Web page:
Track 1. “Pee Wee’s Big Adventure – Overture / Breakfast Machine”
1985’s Pee-Wee’s Big Adventure, based on the character created by Paul Ruebens, was Tim Burton’s first major feature film, and marked the first time the director worked with Elfman. The overture to Pee-Wee’s Big Adventure is a lovely, catchy and tinkly piece that captures the child-like weirdness of Pee-Wee, and it sounds like the work of a rock musician. But the follow-up, “Breakfast Machine,” is more uniquely Elfman. I like it when Elfman is odd and frantic.
Track 2. “Batman – Batman Theme / Up The Cathedral / Descent Into Mystery”
Elfman’s score to Tim Burton’s 1989 hit Batman is – I’ll just say it – in the running for the best superhero theme of all time. Its only serious competition is John Williams’ score for 1978’s Superman. Elfman and Burton helped redefine Batman for a new generation just through the mood they created around him. Batman lived in a highly stylized world of towering Art-Deco spires, and required a bold, timeless orchestral backing to stand out. Elfman really stepped up to the plate with this one, and his score not only defined this movie, but leaked into future installments of Batman as well.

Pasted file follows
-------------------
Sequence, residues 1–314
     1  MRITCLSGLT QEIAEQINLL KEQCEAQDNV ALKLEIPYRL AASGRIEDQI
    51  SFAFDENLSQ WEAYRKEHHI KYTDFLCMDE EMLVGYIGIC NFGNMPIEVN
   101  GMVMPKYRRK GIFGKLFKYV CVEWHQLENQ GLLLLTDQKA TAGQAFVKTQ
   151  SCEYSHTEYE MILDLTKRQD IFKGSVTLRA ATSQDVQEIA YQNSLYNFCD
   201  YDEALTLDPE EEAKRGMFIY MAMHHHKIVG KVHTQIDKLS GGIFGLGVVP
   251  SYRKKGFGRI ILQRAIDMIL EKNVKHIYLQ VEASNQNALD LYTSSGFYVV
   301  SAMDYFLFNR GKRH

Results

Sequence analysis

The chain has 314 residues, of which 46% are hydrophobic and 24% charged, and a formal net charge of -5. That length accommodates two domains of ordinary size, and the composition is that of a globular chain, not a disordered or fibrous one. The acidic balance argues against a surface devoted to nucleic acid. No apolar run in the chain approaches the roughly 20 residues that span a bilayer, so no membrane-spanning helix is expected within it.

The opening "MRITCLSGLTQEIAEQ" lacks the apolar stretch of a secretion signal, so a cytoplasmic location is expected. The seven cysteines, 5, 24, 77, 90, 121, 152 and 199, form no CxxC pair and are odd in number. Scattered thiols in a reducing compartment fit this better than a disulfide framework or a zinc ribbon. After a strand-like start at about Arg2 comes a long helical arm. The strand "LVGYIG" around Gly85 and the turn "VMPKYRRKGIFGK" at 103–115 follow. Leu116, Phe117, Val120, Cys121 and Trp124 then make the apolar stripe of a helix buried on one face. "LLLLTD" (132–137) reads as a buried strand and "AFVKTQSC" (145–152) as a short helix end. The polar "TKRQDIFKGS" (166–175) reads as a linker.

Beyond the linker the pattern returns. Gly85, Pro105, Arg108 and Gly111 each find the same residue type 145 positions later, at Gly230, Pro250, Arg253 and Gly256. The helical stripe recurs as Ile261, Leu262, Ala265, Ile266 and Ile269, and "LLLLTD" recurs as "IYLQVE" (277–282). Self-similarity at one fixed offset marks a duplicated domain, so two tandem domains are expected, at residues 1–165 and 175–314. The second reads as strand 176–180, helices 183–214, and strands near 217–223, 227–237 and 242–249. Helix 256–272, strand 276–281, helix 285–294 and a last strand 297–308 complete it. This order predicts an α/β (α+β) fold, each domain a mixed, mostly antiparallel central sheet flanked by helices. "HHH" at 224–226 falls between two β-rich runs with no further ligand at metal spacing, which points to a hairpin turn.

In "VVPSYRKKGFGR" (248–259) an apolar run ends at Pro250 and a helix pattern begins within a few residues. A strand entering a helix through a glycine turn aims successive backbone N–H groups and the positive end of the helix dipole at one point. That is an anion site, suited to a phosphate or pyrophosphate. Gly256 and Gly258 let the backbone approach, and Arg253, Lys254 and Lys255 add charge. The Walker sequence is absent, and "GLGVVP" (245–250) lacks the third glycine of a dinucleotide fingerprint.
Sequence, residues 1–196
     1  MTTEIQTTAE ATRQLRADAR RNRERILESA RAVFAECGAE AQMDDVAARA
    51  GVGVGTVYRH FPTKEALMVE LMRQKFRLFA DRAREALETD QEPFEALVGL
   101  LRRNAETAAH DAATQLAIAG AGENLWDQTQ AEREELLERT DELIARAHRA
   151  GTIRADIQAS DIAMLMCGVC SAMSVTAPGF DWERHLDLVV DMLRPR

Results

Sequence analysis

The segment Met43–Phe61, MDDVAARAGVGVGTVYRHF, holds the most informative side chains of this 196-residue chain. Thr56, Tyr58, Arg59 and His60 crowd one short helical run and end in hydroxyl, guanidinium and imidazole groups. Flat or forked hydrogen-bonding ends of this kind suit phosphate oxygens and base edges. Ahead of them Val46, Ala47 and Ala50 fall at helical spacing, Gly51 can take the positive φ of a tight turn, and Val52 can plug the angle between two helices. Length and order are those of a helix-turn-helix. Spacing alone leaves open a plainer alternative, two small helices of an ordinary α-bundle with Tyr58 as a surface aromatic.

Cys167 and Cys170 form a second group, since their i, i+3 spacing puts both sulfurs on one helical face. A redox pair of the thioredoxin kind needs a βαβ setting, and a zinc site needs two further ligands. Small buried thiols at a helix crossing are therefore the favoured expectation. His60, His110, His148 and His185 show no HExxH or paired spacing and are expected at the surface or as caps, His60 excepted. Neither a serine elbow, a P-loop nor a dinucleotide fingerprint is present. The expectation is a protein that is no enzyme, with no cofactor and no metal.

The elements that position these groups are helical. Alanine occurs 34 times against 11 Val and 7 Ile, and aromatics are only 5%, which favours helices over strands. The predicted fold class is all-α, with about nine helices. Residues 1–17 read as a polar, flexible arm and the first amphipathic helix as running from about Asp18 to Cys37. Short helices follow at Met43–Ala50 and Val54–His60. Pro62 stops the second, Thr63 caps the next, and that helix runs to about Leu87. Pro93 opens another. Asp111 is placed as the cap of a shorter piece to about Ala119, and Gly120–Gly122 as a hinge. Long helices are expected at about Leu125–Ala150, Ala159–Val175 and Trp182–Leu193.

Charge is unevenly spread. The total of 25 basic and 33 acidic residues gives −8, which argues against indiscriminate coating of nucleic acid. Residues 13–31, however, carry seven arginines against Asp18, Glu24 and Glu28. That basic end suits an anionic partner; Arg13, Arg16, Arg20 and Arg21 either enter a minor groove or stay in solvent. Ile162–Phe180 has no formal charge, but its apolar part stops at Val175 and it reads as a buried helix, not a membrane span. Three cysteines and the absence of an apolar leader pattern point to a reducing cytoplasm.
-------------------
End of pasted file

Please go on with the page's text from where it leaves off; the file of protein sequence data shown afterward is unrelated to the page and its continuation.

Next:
Here’s a query: If we live in a world of supra-blockbuster superhero flicks, and dozens of these things appear in theaters every year, why do none of them have a recognizable, hummable theme anymore? You can remember this theme song. You can remember Superman. But who remembers The Avengers music? Or the X-Men theme? Or, ironically, Elfman’s own Spider-Man music? Superheroes used to warrant their own music. Now, the music only supports them. Batman was one of the last great superhero scores.
Track 3. “Dick Tracy – Main Titles”
Batman was such a hit that Warren Beatty took a lot of his aesthetic cues from it to make his 1991 Dick Tracy adaptation, including Danny Elfman. The sound for Dick Tracy is, however, more boldly heroic. The film is colorful, so Elfman leaves out a lot of his darkness. The result is still pretty great.
Track 4. “Beetlejuice – Main Titles/End Titles”